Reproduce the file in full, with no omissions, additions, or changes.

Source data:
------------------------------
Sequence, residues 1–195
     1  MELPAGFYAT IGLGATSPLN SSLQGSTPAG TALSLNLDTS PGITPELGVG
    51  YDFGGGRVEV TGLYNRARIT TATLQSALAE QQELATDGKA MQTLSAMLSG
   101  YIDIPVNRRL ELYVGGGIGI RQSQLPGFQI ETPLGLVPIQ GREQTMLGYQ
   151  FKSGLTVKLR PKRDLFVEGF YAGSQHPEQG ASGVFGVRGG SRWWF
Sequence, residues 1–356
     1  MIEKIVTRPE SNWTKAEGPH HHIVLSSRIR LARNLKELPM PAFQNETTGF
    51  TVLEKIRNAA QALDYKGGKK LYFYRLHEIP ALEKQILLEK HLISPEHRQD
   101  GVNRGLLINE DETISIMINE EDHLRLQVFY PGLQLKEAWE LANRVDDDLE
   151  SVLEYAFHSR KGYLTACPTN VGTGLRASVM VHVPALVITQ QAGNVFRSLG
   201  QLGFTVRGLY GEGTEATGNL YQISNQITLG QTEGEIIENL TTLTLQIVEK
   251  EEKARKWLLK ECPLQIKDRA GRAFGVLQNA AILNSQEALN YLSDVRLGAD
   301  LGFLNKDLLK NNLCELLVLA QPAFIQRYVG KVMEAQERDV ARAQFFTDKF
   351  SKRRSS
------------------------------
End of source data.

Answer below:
Sequence, residues 1–195
     1  MELPAGFYAT IGLGATSPLN SSLQGSTPAG TALSLNLDTS PGITPELGVG
    51  YDFGGGRVEV TGLYNRARIT TATLQSALAE QQELATDGKA MQTLSAMLSG
   101  YIDIPVNRRL ELYVGGGIGI RQSQLPGFQI ETPLGLVPIQ GREQTMLGYQ
   151  FKSGLTVKLR PKRDLFVEGF YAGSQHPEQG ASGVFGVRGG SRWWF
Sequence, residues 1–356
     1  MIEKIVTRPE SNWTKAEGPH HHIVLSSRIR LARNLKELPM PAFQNETTGF
    51  TVLEKIRNAA QALDYKGGKK LYFYRLHEIP ALEKQILLEK HLISPEHRQD
   101  GVNRGLLINE DETISIMINE EDHLRLQVFY PGLQLKEAWE LANRVDDDLE
   151  SVLEYAFHSR KGYLTACPTN VGTGLRASVM VHVPALVITQ QAGNVFRSLG
   201  QLGFTVRGLY GEGTEATGNL YQISNQITLG QTEGEIIENL TTLTLQIVEK
   251  EEKARKWLLK ECPLQIKDRA GRAFGVLQNA AILNSQEALN YLSDVRLGAD
   301  LGFLNKDLLK NNLCELLVLA QPAFIQRYVG KVMEAQERDV ARAQFFTDKF
   351  SKRRSS